• Another surge in COVID-19 infections clouds Japan’s near-term outlook; a solid recovery is expected in the second half of 2021, taking the nation’s real GDP growth to 3.0% this year.

  • Japan’s external sector is an important driver of economic activity, while domestic demand prospects remain more uncertain due to the evolving COVID-19 situation. Fiscal policy is set to remain growth-supportive until the economy is back on its feet.

  • Given Japan’s muted inflationary pressures through the foreseeable future, the Bank of Japan is set to maintain its ultra-loose monetary policy stance much longer than other major central banks.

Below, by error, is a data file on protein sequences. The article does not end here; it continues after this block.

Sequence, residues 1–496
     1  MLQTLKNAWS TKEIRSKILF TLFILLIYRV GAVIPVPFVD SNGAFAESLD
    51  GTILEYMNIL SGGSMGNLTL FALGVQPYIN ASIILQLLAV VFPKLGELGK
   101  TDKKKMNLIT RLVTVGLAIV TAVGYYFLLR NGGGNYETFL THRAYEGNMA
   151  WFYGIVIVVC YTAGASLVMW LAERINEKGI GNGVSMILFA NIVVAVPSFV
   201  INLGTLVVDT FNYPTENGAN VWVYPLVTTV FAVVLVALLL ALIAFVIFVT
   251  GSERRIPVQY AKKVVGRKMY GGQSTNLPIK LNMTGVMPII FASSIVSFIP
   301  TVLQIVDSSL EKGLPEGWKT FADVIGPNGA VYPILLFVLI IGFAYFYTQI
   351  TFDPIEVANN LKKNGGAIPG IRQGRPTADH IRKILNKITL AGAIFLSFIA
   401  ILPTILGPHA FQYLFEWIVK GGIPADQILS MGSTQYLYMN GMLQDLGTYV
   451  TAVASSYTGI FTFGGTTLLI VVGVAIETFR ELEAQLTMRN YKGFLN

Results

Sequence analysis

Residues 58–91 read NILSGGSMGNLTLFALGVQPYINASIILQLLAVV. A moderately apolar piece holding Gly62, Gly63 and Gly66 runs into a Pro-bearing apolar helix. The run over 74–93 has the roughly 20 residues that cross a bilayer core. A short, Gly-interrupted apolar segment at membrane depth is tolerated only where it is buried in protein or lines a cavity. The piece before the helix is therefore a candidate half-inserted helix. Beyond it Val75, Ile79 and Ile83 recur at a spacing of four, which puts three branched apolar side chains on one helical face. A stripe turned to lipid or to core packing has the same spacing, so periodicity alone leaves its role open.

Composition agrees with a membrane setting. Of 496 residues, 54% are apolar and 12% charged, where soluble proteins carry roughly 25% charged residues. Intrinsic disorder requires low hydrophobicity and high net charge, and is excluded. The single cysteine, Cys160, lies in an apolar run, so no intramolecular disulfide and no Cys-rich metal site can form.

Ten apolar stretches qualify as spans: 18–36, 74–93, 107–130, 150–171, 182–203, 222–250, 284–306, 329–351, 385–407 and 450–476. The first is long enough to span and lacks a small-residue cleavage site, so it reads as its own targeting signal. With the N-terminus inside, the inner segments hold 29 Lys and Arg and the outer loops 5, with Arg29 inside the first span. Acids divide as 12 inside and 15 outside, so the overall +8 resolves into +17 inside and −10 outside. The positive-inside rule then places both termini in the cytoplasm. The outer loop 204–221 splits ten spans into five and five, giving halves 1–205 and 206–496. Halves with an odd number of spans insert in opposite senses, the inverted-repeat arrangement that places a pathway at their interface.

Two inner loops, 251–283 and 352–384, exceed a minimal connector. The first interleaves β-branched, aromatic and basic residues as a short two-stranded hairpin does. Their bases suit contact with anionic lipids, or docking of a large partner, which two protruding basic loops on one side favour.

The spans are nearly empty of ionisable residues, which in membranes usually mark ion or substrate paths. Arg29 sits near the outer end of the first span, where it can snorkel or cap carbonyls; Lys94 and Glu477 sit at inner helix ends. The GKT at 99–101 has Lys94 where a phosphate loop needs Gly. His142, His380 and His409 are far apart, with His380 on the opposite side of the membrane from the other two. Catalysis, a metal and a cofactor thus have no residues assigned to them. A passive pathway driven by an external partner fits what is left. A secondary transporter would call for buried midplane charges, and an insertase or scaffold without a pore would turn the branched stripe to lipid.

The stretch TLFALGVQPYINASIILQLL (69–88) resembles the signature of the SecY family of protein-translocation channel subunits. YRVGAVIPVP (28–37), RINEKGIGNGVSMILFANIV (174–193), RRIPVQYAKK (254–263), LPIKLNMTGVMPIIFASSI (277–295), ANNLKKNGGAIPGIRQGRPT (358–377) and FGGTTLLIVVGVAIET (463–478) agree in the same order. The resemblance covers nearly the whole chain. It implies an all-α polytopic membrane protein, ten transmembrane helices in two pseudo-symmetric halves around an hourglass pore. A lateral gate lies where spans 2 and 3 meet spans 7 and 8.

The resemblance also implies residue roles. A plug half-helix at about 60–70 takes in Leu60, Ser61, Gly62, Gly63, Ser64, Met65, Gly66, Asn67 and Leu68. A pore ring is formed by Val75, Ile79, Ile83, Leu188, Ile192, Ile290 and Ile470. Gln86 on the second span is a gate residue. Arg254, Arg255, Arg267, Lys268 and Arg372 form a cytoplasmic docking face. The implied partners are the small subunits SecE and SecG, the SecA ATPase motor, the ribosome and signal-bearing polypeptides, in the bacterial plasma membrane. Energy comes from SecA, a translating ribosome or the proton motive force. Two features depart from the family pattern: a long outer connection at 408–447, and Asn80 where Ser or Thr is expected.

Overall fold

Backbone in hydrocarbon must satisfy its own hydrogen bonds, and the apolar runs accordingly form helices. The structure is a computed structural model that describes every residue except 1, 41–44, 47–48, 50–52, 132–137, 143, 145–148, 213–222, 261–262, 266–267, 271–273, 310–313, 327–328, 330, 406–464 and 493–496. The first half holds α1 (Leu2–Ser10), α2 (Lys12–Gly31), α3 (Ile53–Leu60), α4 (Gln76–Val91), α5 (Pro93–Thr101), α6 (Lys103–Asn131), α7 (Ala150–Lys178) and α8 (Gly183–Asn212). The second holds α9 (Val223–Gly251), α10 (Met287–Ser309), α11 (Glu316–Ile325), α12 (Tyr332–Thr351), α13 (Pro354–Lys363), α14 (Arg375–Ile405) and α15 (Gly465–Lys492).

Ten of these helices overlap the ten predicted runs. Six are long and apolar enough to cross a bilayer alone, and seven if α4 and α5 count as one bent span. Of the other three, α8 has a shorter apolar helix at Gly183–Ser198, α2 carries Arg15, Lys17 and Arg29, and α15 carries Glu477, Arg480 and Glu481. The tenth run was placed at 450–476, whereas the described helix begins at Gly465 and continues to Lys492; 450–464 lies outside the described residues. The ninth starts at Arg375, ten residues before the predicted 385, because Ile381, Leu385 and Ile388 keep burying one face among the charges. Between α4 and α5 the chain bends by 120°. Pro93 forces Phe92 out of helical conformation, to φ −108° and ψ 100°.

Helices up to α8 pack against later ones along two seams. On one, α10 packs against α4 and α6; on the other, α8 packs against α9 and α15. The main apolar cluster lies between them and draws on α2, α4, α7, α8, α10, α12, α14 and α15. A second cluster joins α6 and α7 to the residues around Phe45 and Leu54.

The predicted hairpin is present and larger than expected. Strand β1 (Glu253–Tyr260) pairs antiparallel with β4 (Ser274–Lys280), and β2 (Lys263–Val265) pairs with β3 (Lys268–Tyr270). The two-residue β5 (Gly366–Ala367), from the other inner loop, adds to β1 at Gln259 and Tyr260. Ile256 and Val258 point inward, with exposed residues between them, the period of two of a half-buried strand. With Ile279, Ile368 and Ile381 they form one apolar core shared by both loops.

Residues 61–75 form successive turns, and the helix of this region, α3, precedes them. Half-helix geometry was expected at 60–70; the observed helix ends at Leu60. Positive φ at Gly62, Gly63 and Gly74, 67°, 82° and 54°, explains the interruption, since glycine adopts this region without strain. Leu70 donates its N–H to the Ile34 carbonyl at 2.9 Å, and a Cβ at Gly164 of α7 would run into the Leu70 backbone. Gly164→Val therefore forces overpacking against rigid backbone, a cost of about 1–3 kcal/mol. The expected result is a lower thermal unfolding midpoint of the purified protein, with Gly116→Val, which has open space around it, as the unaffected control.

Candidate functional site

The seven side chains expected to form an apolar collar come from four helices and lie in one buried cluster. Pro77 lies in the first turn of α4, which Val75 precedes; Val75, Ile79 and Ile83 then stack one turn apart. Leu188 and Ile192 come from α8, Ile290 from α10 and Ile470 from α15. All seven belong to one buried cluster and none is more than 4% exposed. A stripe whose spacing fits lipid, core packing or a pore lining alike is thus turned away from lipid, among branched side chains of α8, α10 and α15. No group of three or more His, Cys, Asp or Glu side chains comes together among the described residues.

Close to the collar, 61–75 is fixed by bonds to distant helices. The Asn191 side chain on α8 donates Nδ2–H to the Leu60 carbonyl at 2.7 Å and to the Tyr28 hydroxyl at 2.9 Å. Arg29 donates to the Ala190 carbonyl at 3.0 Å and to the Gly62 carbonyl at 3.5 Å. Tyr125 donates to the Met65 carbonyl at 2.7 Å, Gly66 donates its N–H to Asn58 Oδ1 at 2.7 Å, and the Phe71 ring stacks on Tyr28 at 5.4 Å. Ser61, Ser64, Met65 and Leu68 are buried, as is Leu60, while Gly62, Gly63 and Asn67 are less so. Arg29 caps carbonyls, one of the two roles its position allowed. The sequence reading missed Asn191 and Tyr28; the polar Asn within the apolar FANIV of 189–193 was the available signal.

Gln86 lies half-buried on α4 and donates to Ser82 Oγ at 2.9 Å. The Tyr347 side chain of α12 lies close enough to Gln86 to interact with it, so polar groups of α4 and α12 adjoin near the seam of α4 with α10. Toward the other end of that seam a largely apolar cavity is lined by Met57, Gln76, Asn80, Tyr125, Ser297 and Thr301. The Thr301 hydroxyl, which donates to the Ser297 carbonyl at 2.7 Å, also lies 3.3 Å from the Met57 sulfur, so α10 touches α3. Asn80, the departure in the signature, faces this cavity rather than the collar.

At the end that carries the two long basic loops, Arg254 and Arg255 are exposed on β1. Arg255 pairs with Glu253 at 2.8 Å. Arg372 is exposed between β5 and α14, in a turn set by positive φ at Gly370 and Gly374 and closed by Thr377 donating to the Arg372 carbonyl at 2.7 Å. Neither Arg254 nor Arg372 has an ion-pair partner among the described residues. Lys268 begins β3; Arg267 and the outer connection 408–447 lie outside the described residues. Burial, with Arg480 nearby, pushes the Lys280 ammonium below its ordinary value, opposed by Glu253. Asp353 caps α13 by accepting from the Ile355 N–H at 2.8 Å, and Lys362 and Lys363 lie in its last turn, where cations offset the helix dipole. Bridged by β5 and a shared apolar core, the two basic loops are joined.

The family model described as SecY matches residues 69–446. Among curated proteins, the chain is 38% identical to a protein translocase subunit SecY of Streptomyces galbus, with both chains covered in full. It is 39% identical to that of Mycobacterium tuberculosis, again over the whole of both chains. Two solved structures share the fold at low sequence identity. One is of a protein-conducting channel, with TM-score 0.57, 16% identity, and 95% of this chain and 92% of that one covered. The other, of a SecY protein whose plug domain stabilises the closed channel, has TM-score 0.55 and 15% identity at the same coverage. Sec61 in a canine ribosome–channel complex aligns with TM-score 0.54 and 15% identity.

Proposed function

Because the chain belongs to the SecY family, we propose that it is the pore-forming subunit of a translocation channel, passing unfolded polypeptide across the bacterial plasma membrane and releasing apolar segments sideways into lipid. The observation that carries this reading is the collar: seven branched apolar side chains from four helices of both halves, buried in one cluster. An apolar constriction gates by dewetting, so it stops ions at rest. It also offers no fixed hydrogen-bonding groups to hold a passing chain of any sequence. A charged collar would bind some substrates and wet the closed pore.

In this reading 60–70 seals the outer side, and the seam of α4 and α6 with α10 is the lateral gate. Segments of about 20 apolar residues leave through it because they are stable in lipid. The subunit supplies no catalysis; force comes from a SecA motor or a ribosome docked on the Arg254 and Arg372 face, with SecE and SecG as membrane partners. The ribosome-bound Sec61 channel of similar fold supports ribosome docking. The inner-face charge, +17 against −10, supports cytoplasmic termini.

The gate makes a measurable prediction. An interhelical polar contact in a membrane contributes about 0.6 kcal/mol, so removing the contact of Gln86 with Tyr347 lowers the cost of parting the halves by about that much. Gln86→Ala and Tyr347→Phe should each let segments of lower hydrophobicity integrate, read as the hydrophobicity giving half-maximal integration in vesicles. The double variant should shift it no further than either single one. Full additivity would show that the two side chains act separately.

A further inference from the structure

Japan’s economic recovery is facing notable downside risks. The country’s real GDP rebounded strongly in the second half of 2020, yet renewed weakness has appeared in the early months of 2021 on the back of another surge in COVID-19 infections (chart 1). Virus-related containment efforts likely triggered a contraction in real GDP in the first quarter of 2021. The situation has not stabilized yet, prompting the Japanese government to declare targeted state of emergency measures in Tokyo, Osaka, Hyogo and Kyoto prefectures from April 25 to May 11. The latest development threatens to delay the economy’s recovery as the measures cover areas that account for about one-third of the nation’s output. Nonetheless, we expect momentum to strengthen in the second half of the year, with Japanese real GDP forecasted to grow by 3.0% in 2021, compared with a 4.9% contraction in 2020. In 2022, economic growth will likely approach a more traditional trajectory with output gains forecasted to average 1.2% y/y.